Picking up from my piece yesterday, where we see good evidence of the tube station under construction at Bethnal Green being stormed on 9 September, we then have the occupation of the Savoy on Saturday 14 September. Then, crucially, we have a War Cabinet meeting on the Monday – that is the 16th.
Sweet actually refers to this meeting, but he puts it on Tuesday the 17th, a significant error as Churchill takes the first available opportunity to raise it in cabinet, indicative of the importance he is giving the issue. Incidentally, the minute (reproduced above) confirms the prime minister has learned of the event from the press. The official Met Police war diary is silent.
What we then see is very far from a conciliatory response. Churchill effectively instructs Home Secretary John Anderson "to take strong action to prevent demonstrations of this kind", a phrase which Sweet interpets as a eupemism for state violence.
Despite this, Sweet seems to allow Piratin and his Stepney Communist to take credit for forcing a change of shelter policy, ignoring his own research which demonstrates that the only Cabinet response to their activities was to agree on what amounted to state violence to prevent further demonstrations.
Thus, this is where the book starts to go badly wrong. While Sweet has Churchill talking about shelters in Cabinet on the 17th, his is in fact addressing the Commons on the war situation, when he makes no mention of the shelter issue. The day after that, the day when Piratin records the cave-in supposedly by Morrison, the Daily Mail has a leading article recalling that Sir John Anderson had rejected deep shelters, going on to say that:
The fact is that the people themselves have adopted a deep shelter policy turning the Underground railway stations into shelters, which is officially prohibited. Once the people are in, however, they cannot be ejected.In what was remarkably candid criticism, the paper then concludes: "Experience is proving that the policy of Sir John Anderson was mistaken. It is not too late for him to reverse his policy and provide the deep shelters that are urgently needed".
|War Diary 18 September - click to enlarge|
Bland though this phrasing is, it actually heralds a major change in police policy. From one of prohibition, with the police barring entry to the tube stations and moving people on if they sought shelter, the policy was now one of official tolerance, allowing people in as long as they did not obstruct travellers.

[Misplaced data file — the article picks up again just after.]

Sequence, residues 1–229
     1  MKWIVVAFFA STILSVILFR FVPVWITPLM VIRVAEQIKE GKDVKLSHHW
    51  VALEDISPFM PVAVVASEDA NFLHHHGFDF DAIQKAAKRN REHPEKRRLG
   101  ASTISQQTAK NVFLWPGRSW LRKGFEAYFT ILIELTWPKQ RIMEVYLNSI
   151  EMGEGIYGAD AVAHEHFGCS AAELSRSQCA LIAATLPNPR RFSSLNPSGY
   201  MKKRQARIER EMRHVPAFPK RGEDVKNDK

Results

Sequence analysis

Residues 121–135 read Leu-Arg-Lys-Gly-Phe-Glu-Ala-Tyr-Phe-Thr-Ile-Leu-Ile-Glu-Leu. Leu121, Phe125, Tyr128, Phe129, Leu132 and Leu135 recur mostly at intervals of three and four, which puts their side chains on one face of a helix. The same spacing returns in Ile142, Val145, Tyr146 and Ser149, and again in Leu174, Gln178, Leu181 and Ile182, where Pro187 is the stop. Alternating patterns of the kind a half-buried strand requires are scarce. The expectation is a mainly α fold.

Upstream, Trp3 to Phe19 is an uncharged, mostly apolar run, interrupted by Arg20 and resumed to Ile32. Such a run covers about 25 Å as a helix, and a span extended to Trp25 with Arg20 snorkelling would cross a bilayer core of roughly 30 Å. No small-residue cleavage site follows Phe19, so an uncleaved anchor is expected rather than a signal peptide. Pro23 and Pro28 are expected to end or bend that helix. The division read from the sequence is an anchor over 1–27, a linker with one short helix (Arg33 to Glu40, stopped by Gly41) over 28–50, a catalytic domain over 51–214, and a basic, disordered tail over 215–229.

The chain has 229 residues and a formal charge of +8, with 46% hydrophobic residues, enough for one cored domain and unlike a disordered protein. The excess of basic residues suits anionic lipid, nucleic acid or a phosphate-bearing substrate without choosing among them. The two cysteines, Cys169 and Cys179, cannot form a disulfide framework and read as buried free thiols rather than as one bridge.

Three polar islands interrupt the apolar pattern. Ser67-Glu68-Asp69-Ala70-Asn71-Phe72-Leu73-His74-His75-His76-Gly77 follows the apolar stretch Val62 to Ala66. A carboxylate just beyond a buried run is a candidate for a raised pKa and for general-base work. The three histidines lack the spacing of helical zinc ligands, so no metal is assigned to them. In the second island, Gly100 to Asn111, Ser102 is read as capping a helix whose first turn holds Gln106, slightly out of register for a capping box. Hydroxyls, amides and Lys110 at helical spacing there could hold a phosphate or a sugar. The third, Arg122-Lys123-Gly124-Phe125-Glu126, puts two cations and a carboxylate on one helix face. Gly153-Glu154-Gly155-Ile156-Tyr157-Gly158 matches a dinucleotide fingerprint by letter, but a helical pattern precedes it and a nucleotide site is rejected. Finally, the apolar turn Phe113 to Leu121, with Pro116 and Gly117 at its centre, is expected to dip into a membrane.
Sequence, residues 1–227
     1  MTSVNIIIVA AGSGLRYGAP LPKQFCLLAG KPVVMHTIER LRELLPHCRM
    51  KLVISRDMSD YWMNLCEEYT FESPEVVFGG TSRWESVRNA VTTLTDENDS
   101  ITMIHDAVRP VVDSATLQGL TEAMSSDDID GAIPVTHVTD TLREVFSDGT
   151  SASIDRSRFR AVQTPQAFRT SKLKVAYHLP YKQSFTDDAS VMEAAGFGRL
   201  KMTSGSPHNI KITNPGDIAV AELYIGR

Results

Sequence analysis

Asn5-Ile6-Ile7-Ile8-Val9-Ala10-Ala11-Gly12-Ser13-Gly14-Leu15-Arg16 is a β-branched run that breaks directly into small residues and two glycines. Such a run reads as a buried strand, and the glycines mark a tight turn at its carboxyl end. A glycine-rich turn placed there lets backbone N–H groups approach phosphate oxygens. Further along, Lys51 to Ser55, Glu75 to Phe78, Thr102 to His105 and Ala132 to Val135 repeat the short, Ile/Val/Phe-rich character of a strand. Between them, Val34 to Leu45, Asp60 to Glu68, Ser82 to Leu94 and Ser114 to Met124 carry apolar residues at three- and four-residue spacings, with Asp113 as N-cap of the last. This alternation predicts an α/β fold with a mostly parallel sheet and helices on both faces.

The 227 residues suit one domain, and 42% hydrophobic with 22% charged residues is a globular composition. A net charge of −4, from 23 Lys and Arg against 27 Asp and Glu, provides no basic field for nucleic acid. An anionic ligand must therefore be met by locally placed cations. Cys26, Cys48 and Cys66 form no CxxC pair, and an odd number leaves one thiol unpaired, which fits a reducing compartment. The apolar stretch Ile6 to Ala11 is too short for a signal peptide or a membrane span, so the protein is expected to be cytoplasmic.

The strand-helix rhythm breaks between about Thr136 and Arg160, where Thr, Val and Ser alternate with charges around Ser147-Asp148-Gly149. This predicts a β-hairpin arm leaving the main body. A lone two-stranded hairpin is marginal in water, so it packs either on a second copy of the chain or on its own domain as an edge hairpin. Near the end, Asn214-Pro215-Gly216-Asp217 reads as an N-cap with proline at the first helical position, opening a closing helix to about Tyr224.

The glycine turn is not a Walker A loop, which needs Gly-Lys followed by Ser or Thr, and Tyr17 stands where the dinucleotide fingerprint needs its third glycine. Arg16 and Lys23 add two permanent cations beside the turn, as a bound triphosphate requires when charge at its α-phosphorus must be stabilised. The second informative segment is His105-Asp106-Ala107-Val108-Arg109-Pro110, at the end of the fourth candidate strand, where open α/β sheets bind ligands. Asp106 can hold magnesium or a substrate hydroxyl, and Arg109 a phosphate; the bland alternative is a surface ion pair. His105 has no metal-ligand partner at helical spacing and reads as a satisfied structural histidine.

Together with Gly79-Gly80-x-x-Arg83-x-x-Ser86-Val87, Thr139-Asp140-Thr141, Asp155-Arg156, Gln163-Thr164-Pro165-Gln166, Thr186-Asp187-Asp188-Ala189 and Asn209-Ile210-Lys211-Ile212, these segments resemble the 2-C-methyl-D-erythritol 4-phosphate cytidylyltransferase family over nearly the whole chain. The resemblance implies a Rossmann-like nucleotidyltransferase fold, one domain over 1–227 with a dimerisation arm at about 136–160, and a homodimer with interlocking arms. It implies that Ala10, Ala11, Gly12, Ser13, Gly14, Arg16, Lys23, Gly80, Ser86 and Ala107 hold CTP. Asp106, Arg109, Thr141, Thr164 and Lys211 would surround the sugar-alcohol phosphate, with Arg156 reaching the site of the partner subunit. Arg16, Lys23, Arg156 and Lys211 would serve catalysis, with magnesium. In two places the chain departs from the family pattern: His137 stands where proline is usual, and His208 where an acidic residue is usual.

But it is the next day which shows this to be a bottom-up policy change. Anderson is in the Commons complaining that people are being misled into believing the Tubes were safer. There is no announcement of a change in policy and, in the evening, William Mabane, Anderson's parliamentary secretary, broadcast on the BBC, urging the public not to leave their Anderson shelters for public shelters, saying it deprived others of shelter.
Nothing of this acutally graces Sweet's book, and he has by now abandoned the shelter narrative. Thus he misses the crucial fact that the offiicial policy changed on 21 September. And only then does Churchill finally intervene, sending an "action this day" minute to his permanent secretary, Sir Edward Bridges, asking for a "short report on one sheet of paper" on details of changes necessary to make the Underground system more accessible.
That evening, John (soon to be Lord) Reith, then transport minister, wrote in his diary of a "Silly 'action this day' memo from the PM about Tubes". And "silly" it was. The prime minister was days behind the curve. The changes were already being made.
Then, on 24 September, Mabane – who only days before had been appealing to people to keep out of the tubes, admitted to the Guardian that the shelter policy had "been been guided largely by the conduct of the people in London". He says that although the London Passenger Transport system must be carried on, the fact that people had been using the Tube stations had now been "recognised".
What does helpfully emerge from Sweet, though, are some more indications as to why the story got so distorted. In my narrative, Morrison is cast as a hero of sorts, the man who actually got a grip of shelter policy, and who then made provision for dfeep shelters.
For the Conservatives, Labour more than the Communists were the electoral threat and praise for Communists at the expense of Morrison could only be advantageous to the Tory cause. Focusing the issue on Morrison also took Anderson and Churchill out of the frame. Overall, a Communist vicotry over Labour was far more appealing than people versus Churchill, with the people coming out on top.
Had Sweet focused on the issues, instead of trying to create what was actually an artefact – the West End Front – he could have come to those conclusions. His research is more thorough than many and there is some genuinely new material in his book, which does add to our knowledge.
The muddle, unfortunately, took over, and not appearing to know what he wanted from the book, Sweet omitted much and perhaps achieved less than was intended. Yet, for all its limitations, the book is worth reading. Some of what it does add is worth having.